Harassment and Name-Calling!

D P Evans v Xactly Corporation Limited

Evans (E) was employed by Xactly Corporation Limited (Xactly) as a sales representative for just under a year when he was dismissed for poor performance. One significant factor in his poor performance was that he had not made a single sale over the course of his employment.

E brought several claims to the ET, including discrimination and victimisation on the grounds of disability and race.  In particular, E alleged that he was called a "fat ginger pikey" on more than one occasion. E was a Type 1 diabetic, which is something his colleagues knew of from an early stage as he would regularly inject himself at work. Negative comments about the disability itself did not form part of E's claim, but rather the comments about his weight, which E argued was linked to his diabetes. E was sensitive about his weight although his colleagues did not consider him to be overweight. E also had strong ties to the traveller community, although many of his colleagues were not aware of this. E's race discrimination claim related to the protected characteristic of "traveller". 

The ET dismissed E's claims. He was dismissed due to his poor performance and not for any discriminatory reasons.  The ET accepted that "fat ginger pikey" was a derogatory, demeaning and unpleasant comment and could potentially be discriminatory. However, the ET found that the office culture was one which included jibing and teasing, and E himself was frequently involved in such "banter". He was an active participant in the culture, having called one colleague “fat paddy” and another “pudding”.  E did not complain of the behaviour at the time, and continued to be friends with the colleague who had made the remark, including socialising with him out of work.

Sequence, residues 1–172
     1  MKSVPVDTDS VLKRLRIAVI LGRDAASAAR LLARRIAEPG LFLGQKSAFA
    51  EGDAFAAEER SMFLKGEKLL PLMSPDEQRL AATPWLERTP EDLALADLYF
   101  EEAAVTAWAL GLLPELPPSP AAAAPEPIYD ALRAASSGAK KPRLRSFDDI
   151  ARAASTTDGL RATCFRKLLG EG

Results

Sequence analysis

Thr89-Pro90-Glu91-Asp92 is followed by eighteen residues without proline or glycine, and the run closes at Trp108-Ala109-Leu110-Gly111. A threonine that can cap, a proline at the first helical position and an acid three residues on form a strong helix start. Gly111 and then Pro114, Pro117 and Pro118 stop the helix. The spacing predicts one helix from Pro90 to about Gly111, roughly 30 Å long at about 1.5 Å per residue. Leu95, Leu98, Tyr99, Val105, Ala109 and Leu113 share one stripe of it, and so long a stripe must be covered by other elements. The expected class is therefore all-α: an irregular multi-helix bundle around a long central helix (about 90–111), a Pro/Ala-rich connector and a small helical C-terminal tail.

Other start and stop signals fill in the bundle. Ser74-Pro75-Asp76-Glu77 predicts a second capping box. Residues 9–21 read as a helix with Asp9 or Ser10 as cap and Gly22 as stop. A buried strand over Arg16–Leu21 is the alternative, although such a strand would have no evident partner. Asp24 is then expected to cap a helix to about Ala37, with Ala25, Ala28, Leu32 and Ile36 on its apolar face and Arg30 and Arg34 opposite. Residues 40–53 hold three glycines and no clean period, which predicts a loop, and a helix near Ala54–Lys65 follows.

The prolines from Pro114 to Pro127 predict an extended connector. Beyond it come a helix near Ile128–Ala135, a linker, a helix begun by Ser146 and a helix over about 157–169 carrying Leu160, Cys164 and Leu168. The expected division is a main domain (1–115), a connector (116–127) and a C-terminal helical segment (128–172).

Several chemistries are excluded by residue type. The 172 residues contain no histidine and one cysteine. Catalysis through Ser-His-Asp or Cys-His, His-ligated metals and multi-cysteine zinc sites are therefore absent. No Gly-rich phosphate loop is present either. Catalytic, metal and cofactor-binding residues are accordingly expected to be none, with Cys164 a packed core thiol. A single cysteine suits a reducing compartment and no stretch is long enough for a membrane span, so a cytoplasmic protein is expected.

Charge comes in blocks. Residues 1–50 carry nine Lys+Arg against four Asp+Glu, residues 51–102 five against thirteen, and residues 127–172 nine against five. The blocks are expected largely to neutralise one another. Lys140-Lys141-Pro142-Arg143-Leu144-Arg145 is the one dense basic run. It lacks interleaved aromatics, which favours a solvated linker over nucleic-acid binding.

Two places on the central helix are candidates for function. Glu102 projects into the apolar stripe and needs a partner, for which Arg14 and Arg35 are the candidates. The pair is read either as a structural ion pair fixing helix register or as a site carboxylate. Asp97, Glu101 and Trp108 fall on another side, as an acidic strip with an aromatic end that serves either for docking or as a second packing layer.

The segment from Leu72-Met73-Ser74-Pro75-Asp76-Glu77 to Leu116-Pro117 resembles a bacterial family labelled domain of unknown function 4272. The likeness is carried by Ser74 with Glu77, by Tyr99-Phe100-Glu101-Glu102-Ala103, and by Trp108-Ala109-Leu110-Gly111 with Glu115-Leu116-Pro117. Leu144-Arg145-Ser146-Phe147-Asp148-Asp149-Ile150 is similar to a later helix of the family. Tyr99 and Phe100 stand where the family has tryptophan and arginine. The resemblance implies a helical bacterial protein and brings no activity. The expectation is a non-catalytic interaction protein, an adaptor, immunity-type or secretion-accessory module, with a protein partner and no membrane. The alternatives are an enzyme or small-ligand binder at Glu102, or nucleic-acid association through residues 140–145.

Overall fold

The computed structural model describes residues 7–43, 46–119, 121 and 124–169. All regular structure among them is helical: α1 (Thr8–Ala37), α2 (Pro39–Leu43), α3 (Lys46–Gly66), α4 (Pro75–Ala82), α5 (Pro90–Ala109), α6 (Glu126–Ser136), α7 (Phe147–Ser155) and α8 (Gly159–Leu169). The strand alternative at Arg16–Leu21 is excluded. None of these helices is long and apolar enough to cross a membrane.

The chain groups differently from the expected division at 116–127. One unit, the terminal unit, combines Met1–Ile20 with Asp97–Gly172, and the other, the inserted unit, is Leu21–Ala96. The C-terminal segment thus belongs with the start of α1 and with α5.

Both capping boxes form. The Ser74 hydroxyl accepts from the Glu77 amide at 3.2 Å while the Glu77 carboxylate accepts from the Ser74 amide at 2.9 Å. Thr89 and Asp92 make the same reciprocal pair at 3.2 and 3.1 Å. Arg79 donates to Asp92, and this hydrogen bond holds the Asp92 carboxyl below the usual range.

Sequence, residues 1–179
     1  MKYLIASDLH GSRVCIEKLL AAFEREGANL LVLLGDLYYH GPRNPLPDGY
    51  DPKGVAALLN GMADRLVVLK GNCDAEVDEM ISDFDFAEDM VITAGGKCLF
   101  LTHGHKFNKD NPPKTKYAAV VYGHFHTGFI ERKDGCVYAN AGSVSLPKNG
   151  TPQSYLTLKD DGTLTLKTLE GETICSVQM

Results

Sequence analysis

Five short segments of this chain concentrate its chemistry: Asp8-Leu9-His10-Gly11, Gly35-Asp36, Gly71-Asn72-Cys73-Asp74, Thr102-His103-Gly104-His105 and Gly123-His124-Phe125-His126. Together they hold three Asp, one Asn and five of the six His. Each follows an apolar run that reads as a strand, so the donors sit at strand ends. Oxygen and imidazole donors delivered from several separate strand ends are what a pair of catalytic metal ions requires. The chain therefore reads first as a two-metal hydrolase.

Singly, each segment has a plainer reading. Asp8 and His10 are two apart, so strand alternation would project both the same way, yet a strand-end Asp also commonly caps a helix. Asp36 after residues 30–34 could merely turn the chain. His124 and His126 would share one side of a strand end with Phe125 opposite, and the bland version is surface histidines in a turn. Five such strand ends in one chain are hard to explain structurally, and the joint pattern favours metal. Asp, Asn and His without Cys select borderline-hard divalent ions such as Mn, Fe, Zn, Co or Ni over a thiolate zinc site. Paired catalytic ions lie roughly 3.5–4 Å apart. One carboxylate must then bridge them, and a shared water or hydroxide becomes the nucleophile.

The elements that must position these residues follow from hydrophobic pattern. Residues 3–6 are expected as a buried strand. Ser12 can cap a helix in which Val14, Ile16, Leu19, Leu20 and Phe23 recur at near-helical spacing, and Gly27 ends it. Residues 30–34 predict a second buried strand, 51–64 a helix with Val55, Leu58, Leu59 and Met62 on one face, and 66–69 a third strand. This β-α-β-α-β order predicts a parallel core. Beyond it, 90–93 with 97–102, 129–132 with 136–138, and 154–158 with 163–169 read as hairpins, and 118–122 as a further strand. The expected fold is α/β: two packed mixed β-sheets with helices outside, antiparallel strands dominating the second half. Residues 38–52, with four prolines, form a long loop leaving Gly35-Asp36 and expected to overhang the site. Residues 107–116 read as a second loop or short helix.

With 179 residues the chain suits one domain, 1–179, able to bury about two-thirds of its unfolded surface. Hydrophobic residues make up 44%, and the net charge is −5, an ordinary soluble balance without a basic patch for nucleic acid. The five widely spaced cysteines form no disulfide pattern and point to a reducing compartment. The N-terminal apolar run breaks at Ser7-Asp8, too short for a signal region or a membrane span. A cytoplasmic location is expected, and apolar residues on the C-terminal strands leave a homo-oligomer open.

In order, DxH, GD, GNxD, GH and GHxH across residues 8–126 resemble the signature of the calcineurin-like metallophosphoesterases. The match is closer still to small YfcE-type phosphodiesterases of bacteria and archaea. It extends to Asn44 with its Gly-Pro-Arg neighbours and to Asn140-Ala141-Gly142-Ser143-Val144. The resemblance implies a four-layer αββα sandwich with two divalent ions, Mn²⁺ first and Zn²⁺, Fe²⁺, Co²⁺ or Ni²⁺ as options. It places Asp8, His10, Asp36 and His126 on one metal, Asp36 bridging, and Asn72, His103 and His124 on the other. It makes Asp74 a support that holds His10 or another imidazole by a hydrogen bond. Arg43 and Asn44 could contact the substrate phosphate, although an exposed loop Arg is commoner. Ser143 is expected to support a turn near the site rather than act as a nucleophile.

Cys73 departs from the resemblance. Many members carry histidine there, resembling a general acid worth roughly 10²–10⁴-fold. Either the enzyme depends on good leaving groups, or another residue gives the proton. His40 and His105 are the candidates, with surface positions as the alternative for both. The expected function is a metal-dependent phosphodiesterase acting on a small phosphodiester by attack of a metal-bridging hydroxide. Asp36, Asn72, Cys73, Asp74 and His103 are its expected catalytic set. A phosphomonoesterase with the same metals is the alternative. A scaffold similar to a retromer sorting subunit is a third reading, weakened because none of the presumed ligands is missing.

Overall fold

E subsequently appealed to the EAT which dismissed his appeal. With regard to the disability discrimination claim, E had not provided any medical evidence which proved any relationship between his diabetes and his weight. The EAT found that even if E was overweight as a result of his condition, "fat" was a general derogatory term and therefore the claim would still fail because it was not a specific reference to E's weight.

In addition, the EAT found that the term "fat ginger pikey" is offensive but agreed with the decision of the ET that on the facts of this particular case, the comment did not amount to harassment. The ET had correctly made reference to Richmond Pharmacology v Dhaliwal which set out that "dignity is not necessarily violated by things said or done which are trivial or transitory, particularly where it should have been clear that any offence was unintended".  The ET was correct in explaining that context is key in respect of harassment claims, and it was entitled to conclude, in this case and having regard to all the circumstances that E had not been subject to harassment. The judge found that "I accept that at first blush it may be surprising that calling a colleague what many people would consider an offensive term such as “fat ginger pikey” at work does not amount to harassment, especially where the individual has links with the traveller community, but the Tribunal considered the facts extremely carefully and it is easy to see why they concluded that the Claimant had not been harassed by this remark and it was unarguably a decision the Tribunal was entitled to come to".